If U seek trash

I am not usually one to agree with parents’ outrage about controversial songs oozing with sexual references. I never understood how older generations feel about our pop culture to a full extent until my reaction to Britney Spears’ new release “If U Seek Amy.”

For those who are not familiar with Ms. Spears’ new single, I’ll back up a step. She sings: “All of the boys and all of the girls are begging to if you seek Amy.” Doesn’t seem to make sense? It’s not supposed to. It is supposed to be understood as “all of the boys and all of the girls are begging to F-U-C-K me,” spelled “if you seek Amy.”

I don’t necessarily feel outrage, I just feel strangely disillusioned as to how our generation and younger generations have gotten to the point that lyrics like this are normal. I’m not sure this progression toward being more sexually open is unfolding itself in the right manner.

When this not-so-hidden meaning was revealed to me, I was only concerned about its sophomoric ridiculousness. It wasn’t until a few days later that the song’s implications hit me: Little girls are probably singing along with the lyrics! The most worrisome thing is that it didn’t faze me. I was concerned more with the idiotic pun than its meaning.

I reasoned that perhaps only older listeners would comprehend the meaning. Not so. I asked my 14-year-old sister if she knew the cryptic message. “I’m not stupid. Everyone knows that.” She told me even our fifth-grade neighbor knows.

I realize that there are numerous other songs that have these dirty messages, such as “Lollipop” by Lil Wayne or “In Da Club,” that 50 Cent song I sing when I need a laugh, which goes:”I’m into havin’ sex, I ain’t into makin’ love; so come give me a hug if you’re into gettin’ rubbed.”

But Britney Spears is different. She is marketed to little girls moreso than those rappers. Her songs are designed so younger kids can easily memorize the lyrics after a few listens to the catchy beat.

This popularity among youths should be taken as a chance to stop and look at exactly what our society values. The openness of sexuality has grown with each generation; however, it seems to have hit a distasteful peak. Disregarding the awful clothes being sold to little girls and the tossing around of cuss words like conjunctions, there are more serious issues.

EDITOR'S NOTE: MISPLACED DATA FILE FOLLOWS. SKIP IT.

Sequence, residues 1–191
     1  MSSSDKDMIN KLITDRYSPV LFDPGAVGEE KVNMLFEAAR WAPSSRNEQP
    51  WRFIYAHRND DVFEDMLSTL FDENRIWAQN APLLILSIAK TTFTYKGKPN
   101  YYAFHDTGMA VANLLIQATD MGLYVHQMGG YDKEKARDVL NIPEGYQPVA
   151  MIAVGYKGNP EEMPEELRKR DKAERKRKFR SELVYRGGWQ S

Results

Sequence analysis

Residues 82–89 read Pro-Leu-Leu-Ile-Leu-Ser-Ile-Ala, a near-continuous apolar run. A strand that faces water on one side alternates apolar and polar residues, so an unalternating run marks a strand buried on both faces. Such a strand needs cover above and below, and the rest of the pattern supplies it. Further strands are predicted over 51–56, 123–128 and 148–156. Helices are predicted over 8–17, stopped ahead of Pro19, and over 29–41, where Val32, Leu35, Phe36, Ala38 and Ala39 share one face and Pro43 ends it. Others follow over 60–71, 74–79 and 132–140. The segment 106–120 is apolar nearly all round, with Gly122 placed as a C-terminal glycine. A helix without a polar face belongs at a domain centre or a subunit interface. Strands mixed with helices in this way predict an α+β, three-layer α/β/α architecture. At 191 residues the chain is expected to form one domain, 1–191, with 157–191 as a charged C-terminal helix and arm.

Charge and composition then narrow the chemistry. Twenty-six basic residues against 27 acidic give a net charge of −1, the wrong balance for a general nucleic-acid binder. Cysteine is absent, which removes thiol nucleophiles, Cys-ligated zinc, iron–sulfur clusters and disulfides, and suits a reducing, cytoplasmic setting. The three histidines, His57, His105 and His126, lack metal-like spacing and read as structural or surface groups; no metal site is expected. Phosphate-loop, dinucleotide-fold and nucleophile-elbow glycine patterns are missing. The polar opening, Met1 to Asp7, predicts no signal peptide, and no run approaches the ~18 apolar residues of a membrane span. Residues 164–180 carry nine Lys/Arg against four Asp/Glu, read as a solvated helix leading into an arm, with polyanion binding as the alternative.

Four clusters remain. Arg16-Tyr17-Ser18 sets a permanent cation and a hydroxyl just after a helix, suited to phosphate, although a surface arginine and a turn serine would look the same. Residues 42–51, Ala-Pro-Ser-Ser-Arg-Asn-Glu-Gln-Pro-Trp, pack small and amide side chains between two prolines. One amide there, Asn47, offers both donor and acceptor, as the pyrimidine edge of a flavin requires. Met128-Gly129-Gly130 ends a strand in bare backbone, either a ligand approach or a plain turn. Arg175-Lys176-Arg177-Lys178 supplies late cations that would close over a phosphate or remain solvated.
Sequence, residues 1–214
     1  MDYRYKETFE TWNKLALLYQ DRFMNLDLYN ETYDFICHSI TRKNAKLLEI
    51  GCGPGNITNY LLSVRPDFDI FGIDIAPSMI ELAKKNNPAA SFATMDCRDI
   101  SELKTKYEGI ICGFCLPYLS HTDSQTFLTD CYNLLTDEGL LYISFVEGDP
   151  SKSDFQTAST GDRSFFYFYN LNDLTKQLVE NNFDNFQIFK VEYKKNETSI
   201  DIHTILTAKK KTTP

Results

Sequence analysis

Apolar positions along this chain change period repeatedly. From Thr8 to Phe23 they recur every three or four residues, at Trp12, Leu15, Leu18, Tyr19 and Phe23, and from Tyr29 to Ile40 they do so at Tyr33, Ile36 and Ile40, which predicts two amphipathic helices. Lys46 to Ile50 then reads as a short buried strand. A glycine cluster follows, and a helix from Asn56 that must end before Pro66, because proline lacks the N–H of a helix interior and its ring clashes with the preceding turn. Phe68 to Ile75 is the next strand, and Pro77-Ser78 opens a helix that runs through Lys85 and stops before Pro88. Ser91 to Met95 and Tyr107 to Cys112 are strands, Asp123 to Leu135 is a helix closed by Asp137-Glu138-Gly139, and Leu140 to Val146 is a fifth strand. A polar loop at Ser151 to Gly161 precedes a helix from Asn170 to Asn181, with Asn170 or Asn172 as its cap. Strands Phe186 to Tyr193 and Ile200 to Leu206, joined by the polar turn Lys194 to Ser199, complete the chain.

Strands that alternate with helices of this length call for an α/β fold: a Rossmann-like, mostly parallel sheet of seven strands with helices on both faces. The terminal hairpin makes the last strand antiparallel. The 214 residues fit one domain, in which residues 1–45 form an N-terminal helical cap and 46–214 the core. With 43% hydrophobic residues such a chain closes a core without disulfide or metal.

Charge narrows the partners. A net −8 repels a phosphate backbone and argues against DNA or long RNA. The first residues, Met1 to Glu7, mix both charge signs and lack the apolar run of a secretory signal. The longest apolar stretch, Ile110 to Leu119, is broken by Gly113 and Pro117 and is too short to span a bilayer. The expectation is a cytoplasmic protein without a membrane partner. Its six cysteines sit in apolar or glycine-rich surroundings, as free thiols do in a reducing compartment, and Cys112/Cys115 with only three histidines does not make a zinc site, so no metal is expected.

The U.S. has the highest rate of teen pregnancy in the western industrialized world, according to the National Campaign to Prevent Teen Pregnancy. There is a 20 percent increase in sexually active high schoolers since 1970. Twenty-six percent of girls think it’s embarrassing to admit being a virgin, according to the National Survey of Family Growth. Let’s not forget that this is all happening as STDs are ever increasing.

I am not sure there is much to do to change it except critically analyze our culture as Americans. It seems our blatant portrayal of sex is different from other countries, and our youth reflects this. Instead of blowing songs like this off as simply a part of some revolution, we should ponder if this distastefulness is the direction we want to go. It is great that Britney is giving sexual power back to women, but that is not the point. This lack of class is certainly not something I would like to continue. Honestly, I can’t even fathom how much more trashy it can get.

Brenna McNamara is a junior political science and philosophy major and columnist for the Daily Kent Stater. Contact her at [email protected].